Two legendary figures from the world of print, both of whom
worked closely in Northampton and died within months of each other
last year, were honored last month by the Society of Printers
at a dinner meeting on Beacon Hill in Boston.
Artist Leonard Baskin, creator of the Gehenna Press in Northampton
and his long-time pressman, Harold McGrath of Florence, were remembered
with fondness and admiration by a gathering of some 70 people
at the Club of Odd Volumes, a federal townhouse in swank Louisburg
Those on hand for the evening, said David Bourbeau, of the Thistle
Bindery in the Arts and Industry building on Pine Street in Florence,
represesented "the ruling class of print," drawn largely from
Boston's literary and publishing establishment.
In an interview, Bourbeau described the club where the event was
held as "the ultimate Boston crumpled," the interior of the building
"casually cared for, not fussy, but with elegant little touches
all over the place."
Bourbeau was among a small group from the book arts community
in this area to attend the dinner meeting and lecture. Others
making the pilgrimmage to Boston were Daniel Kelleher of the Wild
Carrot Letter Press in Hadley, who Bourbeau describes as "the
elder statesman of printing in the valley"; Art Larsen of Horton
Tank Graphics in Hadley; Carol Blinn of the Warwick Press in Easthampton;
and Barry Moser, the artist from Hatfield, who read from a monograph
he had written about Baskin's artistic legacy.
The evening of tribute was organized by Bruce Chandler, who operates
a fine press in Boston, but spent his early years as a printer
in the 1970s living in Williamsburg and working with Baskin and
McGrath at the Gehenna Press on Clark Avenue. He spoke about that
formative experience and how working with Baskin and McGrath influenced
his own work and life, according to Bourbeau.
Another speaker was Lance Hidy, a book designer from Cambridge,
who also lived in this area at one point in the late 1960s and
who, along with David Godine, the celebrated Boston publisher,
did an apprenticeship with Baskin. Hidy also had studied with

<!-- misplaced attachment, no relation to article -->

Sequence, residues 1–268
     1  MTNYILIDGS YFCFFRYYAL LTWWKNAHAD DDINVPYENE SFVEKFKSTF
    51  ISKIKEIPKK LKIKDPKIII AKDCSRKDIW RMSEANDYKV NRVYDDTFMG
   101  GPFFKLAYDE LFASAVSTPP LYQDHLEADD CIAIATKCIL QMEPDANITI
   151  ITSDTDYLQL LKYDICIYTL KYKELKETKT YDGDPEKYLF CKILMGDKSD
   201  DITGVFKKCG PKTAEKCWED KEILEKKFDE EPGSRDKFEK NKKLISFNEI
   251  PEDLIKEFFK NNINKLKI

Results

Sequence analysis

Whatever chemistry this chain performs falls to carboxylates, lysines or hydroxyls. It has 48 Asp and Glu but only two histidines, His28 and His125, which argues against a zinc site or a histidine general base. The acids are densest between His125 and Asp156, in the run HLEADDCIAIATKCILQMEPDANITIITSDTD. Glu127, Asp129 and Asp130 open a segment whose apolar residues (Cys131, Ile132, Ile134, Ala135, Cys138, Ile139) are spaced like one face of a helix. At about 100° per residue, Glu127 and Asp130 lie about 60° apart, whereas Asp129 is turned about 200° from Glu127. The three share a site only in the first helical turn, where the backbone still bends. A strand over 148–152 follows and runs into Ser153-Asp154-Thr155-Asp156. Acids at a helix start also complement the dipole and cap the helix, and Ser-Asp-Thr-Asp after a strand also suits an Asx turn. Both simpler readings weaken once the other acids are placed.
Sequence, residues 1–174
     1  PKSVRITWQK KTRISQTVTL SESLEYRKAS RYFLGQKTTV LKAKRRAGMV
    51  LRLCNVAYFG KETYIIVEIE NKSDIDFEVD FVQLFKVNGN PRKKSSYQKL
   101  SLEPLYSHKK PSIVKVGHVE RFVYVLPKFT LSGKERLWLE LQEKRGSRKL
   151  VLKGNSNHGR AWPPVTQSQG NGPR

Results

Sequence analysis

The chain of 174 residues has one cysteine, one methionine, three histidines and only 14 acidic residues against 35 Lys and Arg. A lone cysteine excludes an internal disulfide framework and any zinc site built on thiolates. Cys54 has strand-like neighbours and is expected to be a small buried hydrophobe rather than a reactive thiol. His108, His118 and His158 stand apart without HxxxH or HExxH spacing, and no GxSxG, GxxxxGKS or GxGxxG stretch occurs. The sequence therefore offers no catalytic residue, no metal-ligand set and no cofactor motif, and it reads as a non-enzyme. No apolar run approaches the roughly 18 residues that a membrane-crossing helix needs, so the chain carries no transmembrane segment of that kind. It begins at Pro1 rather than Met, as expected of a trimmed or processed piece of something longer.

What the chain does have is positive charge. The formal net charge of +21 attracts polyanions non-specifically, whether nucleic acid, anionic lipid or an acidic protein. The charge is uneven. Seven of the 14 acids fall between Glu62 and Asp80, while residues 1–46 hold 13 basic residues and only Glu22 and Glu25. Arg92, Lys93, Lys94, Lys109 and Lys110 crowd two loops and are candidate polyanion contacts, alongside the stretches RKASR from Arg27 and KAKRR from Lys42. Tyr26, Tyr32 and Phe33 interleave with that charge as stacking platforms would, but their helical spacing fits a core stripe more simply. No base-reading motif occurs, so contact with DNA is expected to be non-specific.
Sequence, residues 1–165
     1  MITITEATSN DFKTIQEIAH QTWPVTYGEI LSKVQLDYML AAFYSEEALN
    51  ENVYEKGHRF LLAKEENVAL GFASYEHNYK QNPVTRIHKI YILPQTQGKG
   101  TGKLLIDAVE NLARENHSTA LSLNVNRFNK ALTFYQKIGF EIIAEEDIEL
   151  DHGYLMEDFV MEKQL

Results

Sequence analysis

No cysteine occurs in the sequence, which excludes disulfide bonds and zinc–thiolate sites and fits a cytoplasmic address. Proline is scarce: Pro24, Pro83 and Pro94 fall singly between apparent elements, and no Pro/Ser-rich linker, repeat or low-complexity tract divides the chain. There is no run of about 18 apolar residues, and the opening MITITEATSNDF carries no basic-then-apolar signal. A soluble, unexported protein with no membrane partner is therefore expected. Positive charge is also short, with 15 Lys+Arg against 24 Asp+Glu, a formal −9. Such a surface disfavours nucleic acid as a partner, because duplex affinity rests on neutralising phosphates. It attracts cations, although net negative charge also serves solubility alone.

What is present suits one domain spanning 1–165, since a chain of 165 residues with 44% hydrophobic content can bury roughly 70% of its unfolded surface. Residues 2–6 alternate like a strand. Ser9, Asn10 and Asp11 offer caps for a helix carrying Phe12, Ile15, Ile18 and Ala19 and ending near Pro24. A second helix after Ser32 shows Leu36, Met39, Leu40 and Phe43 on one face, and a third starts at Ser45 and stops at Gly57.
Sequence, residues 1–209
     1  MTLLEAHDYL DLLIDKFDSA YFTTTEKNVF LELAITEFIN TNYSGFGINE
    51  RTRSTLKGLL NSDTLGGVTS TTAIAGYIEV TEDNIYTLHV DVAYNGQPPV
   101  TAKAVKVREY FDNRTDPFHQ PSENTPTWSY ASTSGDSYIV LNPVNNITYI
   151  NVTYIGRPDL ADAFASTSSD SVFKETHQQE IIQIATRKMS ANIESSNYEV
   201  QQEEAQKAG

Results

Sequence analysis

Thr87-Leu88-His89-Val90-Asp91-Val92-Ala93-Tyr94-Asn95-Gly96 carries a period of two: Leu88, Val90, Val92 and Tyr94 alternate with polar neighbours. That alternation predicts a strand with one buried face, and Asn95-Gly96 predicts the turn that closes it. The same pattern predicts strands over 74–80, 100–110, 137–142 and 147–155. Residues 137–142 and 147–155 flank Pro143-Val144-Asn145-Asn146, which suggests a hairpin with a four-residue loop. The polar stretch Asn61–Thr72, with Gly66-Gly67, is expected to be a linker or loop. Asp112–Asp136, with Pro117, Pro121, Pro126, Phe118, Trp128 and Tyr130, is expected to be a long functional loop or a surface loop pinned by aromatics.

Baskin at Yale.
According to Bourbeau, Moser, besides reading from his mongraph
"made a very emotional speech about Harold and how he thinks of
him every day."
Says Bourbeau, who knew both men well, "Harold was down home,
he was a neighbor." McGrath would have felt very uncomfortable,
for example, attending a dinner at the Club of Odd Volumes on
Based on his own recollection of both Baskin and McGrath, Bourbeau
said that Gehenna Press achieved its fabled reputation because
of the "symbiotic relationship of Baskin and McGrath; it was one
of those wonderfully happy marriages."
Their's was a "friendship that depended on the press, the world
of printing, " he continued.
According to Bourbeau, Leonard Baskin was neither a pressman nor
a mechanic, "he was a man of letters, erudite, a man of high aesthetic
values - with an incredibily long view of historical printing
Harold McGrath, on the other hand, "was the mechanic, a sensitive
mechanic, a consummate craftsman. He did not conceive of projects,
he did what Leonard had on the bench. He was fortunate to be at
the right place at the right time."
What made their relationship so unusual, so mutually creative,
so distinctive, Bourbeau speculates, is that "Baskin would not
have looked for the printing refinements unless Harold led him
to the possibilities.''
Noting that while two of the three speakers at the dinner no longer
live or work in this area, Bourbeau observed that they still "maintain
a strong relationship to the valley through the book arts."
Showing a visitor a series of finely-crafted and printed illustrated
volumes he had bound for Baskin, Bourbeau declared with enormous
feeling and sense of debt: "The entire book arts community here
owes its existence to Leonard Baskin. It would not have existed
if it weren't for Leonard."
As for McGrath, he said: "Harold would have continued to print
baseball tickets, wedding invitations and business forms, but
he rose to the level. Leonard gave him the opportunity and Harold
went beyond the opportunity."